“What is this, we King Lear now?” —Jamal Lyon
So there’s this guy who’s built a giant kingdom, but he knows he’s going to die and he has to figure out a way for that kingdom to survive. The obvious choice is to pass on the spoils to his children, but he doesn’t know which kid to trust. He assembles them together and then asks the question that no father should have to ask: “Which of you shall we say doth love us most?” That turns out to be his tragic flaw, as he disinherits the wrong daughter and then spends another two hours wandering around in a storm complaining. Later, everyone dies.
Okay, sorry, that’s a recap for William Shakespeare’s King Lear, but I bring the Elizabethan comparison because, beneath its splashy fur coat-laden surface, Empire asks nearly the same questions about nearly the same family. In the pilot, Lucious Lyon (Terrence Howard) learns he has ALS and has to decide which of his sons would do the best job with his music label as it heads toward its IPO. Unlike Lear, Lucious is wise enough to know that it’s not a good idea to divide your empire into three parts (and unlike Lear, he has sons), but he’s still asking the same question: Which of you is going to pretend that you love me the most? He doesn’t say it in those terms—it’s more, “which of you best fits my celebrity-driven brand and also isn’t gay?”—but the anxiety is the same. Lucious wants his sons to prove some authentic connection to him and simultaneously to be something they’re not. It’s not the best way of being a parent.
But Lucious, as we learn early on, isn’t any ordinary father. He built his music label from the ground up, making his way out of the ghetto through his own musical talent and sheer force of will. Of course, according to the Empire’s own queen Lear, Lucious’ ex-wife Cookie (Taraji P. Henson *praise hands*), that’s not entirely true. Cookie was Lucious’ partner in crime when they were first starting his music career. She put up the $400,000 that got the label off the ground and and she took the fall for drug possession when Lucious was first starting off his career. Now, 17 years later, she’s out of jail early on good behavior, and she she wants to get what’s hers. Barring that, she wants a way of getting revenge. In King Lear terms, this means turning one of Lucious’ sons against him. Again, not the best way of being a parent.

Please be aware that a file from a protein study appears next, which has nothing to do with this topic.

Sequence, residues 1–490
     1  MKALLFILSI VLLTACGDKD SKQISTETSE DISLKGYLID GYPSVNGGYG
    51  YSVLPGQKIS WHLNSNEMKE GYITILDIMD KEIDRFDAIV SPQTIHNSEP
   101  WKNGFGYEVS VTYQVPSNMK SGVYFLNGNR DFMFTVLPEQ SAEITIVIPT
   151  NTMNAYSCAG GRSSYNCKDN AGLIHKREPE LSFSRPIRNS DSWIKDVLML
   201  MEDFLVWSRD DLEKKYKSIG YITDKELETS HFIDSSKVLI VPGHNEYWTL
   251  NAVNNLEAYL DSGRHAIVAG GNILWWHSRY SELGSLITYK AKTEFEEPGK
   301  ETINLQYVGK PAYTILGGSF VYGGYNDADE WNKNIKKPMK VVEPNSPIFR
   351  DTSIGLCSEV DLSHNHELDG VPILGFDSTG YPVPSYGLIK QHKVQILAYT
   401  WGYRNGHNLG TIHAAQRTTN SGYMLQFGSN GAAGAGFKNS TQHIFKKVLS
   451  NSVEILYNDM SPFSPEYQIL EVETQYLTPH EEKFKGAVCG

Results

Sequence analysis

Let’s turn to the younger generation. In descending order of Lucious’ preference, there’s Hakeem (Bryshere Gray, a.k.a. Yazz The Greatest), who’s super talented but undisciplined; Andre (Trai Bryers), who’s got business savvy but no musical talent; and Jamal (Jussie Smollett), who’s also talented, but (and this is where Lucious gets hung up on things) gay. Empire introduces the brothers as Hakeem and Jamal freestyle on a family and Andre watches with his evil white wife (IMDb informs me her name is “Rhonda,” but I’m going to call her EWW) in the background. The implication is obvious: Jamal and Hakeem get along well, Andre’s kind of a spoilsport (and EWW is definitely plotting something).
After Lucious makes his announcement to Empire’s board about his upcoming IPO plans, he calls the three sons to his office and announces that he’s going to choose one of them to “groom” to be the face of the company soon. Jamal makes his King Lear quip and the brothers all grumble about how they don’t really want to be groomed. Still, Lucious persists with his terrible idea that will divide the family and announces that he’ll make his pick soon.
First, Lucious visits Andre in a boxing ring. Andre points out all the ways in which he would be a great pick—he used to wear suits as a kid to try to get into meetings, also, more importantly, he actually knows something about business—but Lucious insists that his “celebrity-driven brand” should be run by a celebrity. Andre is out.
NEXT: Cookie arrives on the scene…